Division of property in some Florida divorces can be complex. For example, some couples may have art collections to split, and this could lead to complications in determining the value of the collection and who purchased the artwork. Others may have prenuptial agreements, but if they do not specifically address the art collection, these complications could remain.
In one divorce case, a woman who was a trustee for two major art museums and her husband, a real estate developer, owned works by Rothko, Warhol and other major artists. However, appraisals of the collection estimated its value from $1 billion to hundreds of millions dollar less. Furthermore, despite the woman's position in the art world, her husband claimed to have paid for at least some of the art.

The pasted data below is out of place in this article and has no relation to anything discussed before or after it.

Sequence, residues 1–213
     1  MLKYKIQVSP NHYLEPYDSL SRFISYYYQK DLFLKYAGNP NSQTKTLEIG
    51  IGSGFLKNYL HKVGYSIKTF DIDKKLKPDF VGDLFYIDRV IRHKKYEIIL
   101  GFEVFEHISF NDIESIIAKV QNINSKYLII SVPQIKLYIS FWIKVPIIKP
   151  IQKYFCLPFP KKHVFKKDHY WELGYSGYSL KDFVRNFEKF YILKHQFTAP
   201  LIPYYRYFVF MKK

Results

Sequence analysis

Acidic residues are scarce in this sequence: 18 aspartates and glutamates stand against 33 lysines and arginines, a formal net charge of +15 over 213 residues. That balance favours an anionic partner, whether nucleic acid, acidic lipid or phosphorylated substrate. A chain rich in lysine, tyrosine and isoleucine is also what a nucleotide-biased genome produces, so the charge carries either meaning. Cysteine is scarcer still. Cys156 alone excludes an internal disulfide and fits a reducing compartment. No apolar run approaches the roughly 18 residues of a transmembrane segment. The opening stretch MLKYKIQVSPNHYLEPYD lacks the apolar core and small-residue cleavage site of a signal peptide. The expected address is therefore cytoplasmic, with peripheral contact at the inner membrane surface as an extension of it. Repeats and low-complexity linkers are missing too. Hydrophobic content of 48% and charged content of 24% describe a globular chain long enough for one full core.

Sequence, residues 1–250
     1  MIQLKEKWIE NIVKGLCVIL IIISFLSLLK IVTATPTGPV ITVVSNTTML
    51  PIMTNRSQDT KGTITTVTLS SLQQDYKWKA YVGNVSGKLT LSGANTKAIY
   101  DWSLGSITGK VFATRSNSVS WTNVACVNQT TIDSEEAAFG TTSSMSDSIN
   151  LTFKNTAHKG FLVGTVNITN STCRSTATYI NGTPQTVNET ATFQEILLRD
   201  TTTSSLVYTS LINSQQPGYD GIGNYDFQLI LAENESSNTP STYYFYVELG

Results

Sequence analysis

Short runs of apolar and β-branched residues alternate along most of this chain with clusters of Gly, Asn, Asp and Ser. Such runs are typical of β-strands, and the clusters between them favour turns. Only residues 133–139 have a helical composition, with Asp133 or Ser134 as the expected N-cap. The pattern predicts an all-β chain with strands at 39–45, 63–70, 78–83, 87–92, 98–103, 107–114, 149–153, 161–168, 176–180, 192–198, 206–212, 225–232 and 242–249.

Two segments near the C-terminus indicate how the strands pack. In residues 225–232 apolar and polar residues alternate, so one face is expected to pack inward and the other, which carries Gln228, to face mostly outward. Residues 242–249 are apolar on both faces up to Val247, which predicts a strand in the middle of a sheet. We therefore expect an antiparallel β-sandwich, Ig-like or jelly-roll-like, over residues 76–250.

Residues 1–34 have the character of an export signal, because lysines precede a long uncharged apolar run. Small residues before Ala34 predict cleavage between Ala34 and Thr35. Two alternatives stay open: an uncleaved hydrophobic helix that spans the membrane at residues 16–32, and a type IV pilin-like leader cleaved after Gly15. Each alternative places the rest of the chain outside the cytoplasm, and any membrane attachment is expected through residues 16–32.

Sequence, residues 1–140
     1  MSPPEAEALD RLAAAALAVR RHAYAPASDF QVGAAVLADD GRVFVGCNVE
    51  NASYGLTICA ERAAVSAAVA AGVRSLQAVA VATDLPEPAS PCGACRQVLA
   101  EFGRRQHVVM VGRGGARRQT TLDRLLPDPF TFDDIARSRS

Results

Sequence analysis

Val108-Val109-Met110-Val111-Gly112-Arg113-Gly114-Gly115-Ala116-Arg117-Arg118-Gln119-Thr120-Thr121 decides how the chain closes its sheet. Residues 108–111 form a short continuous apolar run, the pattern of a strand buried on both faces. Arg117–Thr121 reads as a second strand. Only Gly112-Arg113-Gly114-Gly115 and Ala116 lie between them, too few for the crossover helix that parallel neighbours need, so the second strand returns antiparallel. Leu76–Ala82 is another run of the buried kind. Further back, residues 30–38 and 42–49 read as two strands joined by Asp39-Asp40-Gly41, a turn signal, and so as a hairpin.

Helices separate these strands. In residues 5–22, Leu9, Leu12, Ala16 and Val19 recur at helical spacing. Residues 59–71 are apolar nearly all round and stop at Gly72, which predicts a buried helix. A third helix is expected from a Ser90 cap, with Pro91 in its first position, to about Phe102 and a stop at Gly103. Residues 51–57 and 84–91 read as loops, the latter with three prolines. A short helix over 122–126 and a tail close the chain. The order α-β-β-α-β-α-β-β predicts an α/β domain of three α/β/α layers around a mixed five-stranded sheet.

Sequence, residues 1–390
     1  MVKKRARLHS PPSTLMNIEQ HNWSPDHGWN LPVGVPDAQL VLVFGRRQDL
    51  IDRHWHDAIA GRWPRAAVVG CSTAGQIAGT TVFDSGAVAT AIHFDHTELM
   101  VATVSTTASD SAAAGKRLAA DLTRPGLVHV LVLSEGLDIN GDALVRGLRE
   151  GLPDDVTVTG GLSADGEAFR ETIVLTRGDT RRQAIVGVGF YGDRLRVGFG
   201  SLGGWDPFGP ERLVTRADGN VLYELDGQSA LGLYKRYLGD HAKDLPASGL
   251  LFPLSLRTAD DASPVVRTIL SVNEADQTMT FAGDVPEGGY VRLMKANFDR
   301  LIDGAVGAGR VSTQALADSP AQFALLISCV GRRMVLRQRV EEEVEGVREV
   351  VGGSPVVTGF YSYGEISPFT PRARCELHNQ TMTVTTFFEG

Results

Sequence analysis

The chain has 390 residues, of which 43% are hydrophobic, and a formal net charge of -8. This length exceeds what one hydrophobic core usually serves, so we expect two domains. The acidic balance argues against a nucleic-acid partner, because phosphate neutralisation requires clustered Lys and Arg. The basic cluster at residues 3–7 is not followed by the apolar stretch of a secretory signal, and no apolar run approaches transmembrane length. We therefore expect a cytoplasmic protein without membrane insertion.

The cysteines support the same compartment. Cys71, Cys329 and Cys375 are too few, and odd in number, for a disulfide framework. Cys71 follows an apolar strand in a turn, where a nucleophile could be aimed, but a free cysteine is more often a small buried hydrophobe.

In New York, a precedent was set by a case in which the couple's prenup did not specifically address what to do with the art collection. One court accepted bills of sale for $22 million worth of art from the husband, but an appeals court said that invoices were not sufficient evidence. Complications can also arise if one person is a dealer or an artist because it may be difficult to determine whether art is owned by a business or an individual. Another issue is what happens to a wing named for a couple that divorces.
Art is not the only type of property that could create complex issues when it comes to divorce. People who own real estate, businesses or other complex investments might want to contact a Venice, Florida, property division law firm to discuss how the process might go. For example, even if only one spouse owns a business, the other person might have a claim on it. Couples may also need to decide whether to sell property and split the proceeds or have one person keep it.